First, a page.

RIP Smokin’ Joe Frazier

Joe Frazier, the former heavyweight champion whose fights with Muhammad Ali may be some of the greatest in boxing history, died this evening at the age of 67.

RIP Smokin’ Joe! One of the all time greats!

From USA Today:

Frazier was diagnosed with cancer in late September, said his personal and business manager, Leslie Wolff. He had made several personal appearances since then.

Though there was lingering animosity between Frazier and Ali for more than 40 years, their names became synonymous with each other. Ali and Frazier. Frazier and Ali. It was almost as if you couldn’t say one without the other, said boxing historian Bert Randolph Sugar, who covered their amazing trilogy of fights in the 1970s.

Frazier, who was known as “Smokin’ Joe,” was the first fighter to defeat Ali, putting the loquacious “Louisville Lip” on the canvas with his signature vicious left hook during their first fight, the so-called “Fight of the Century” in Madison Square Garden on March 8, 1971, one of the most epic ring battles of all time. Frazier went on to win by unanimous decision.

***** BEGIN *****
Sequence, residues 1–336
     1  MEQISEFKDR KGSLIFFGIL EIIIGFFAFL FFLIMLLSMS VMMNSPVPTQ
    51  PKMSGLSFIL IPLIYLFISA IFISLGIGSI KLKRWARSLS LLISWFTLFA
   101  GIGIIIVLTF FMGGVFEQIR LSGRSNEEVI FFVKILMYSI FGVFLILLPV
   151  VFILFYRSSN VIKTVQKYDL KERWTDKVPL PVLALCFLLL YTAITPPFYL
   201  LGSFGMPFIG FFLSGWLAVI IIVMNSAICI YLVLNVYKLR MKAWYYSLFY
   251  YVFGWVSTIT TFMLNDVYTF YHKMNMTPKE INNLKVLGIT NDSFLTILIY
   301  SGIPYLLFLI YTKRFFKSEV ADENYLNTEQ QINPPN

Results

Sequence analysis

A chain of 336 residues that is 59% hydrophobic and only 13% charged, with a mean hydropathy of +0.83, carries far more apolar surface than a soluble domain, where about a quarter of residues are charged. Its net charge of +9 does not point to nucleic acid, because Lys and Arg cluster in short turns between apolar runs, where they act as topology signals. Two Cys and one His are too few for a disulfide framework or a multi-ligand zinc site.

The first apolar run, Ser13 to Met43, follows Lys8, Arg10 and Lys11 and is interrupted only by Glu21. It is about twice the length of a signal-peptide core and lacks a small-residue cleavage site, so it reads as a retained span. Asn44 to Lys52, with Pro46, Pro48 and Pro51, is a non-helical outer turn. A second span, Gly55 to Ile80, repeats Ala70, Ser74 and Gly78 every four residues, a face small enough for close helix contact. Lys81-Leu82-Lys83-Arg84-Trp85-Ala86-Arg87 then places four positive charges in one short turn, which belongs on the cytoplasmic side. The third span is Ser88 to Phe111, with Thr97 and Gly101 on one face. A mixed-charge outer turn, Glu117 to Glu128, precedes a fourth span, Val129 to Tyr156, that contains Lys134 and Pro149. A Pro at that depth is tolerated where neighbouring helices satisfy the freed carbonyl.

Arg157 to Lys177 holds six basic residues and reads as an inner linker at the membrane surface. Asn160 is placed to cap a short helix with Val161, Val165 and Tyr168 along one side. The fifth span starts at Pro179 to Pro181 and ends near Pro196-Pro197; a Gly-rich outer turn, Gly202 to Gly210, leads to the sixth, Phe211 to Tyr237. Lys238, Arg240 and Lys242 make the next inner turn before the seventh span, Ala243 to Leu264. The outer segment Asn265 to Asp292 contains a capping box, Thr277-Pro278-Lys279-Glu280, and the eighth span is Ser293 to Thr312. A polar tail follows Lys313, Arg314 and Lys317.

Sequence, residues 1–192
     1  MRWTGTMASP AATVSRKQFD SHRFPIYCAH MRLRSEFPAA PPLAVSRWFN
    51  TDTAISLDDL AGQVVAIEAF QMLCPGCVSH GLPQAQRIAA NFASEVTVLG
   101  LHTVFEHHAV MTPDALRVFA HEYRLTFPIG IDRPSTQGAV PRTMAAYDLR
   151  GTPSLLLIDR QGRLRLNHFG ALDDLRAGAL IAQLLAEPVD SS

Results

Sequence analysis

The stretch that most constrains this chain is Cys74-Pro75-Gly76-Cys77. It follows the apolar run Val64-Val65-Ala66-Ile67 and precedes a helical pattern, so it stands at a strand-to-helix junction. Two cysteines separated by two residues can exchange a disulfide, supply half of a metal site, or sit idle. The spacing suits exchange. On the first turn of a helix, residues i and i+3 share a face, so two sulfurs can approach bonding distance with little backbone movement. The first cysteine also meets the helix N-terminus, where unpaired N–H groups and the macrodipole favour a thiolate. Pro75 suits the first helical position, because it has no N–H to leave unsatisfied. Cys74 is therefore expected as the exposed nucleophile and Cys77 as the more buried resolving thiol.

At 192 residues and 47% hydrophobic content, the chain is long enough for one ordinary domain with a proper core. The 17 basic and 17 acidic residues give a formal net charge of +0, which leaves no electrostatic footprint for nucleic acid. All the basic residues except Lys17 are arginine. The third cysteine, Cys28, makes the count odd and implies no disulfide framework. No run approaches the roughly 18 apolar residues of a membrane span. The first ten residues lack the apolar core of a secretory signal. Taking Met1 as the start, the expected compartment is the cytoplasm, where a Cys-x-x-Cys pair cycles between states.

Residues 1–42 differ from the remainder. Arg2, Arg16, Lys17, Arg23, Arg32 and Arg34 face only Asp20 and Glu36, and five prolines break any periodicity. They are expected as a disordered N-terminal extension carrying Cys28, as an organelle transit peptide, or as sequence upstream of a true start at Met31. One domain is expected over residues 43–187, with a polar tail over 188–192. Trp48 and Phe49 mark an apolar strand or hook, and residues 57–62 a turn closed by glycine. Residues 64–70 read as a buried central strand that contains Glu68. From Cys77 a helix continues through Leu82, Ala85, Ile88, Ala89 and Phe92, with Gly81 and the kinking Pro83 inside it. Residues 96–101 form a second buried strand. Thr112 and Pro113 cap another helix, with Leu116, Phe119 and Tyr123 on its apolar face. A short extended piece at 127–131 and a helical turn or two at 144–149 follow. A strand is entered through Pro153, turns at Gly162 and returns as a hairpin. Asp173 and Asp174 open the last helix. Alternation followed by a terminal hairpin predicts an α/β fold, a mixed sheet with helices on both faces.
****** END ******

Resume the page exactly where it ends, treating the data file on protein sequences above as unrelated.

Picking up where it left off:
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4 Comments on “RIP Smokin’ Joe Frazier”

  1. zelda Says:

    I remember that fight…………….rest in peace Joe, you were a great fighter and will always be part of out culture and history and be remembered for your talent and respect for your sport.They don’t make em like you any more.

  2. Honeydog Says:

    When I think of these two (there ya go— can’t think of one without the other) I think of an Era when the Sport of Boxing, in general, was really something special, at its best, and most memorable, and that the days of those kind of magical Heavyweight Fights with the whole Family sitting on the edge of their Living Room Sofas in front of the TV (and, of course, the unforgetable presence of Howard Cosell) are long gone and won’t ever be Topped. But giving Credit where Credit is due at this point, without “Smokin Joe” we may never have known them at all. RIP.

  3. dieta Says:

    While Ali’s characteristic taunts of his opponent began typically enough, after regaining his title, his taunts eventually turned personal. Joe was painted by Ali as the white man’s hope and as an ” Uncle Tom ,” interjecting a racial element into an already contentious and controversial series of great bouts.


  4. While Ali’s characteristic taunts of his opponent began typically enough, after regaining his title, his taunts eventually turned personal. Joe was painted by Ali as the white man’s hope and as an ” Uncle Tom ,” interjecting a racial element into an already contentious and controversial series of great bouts.


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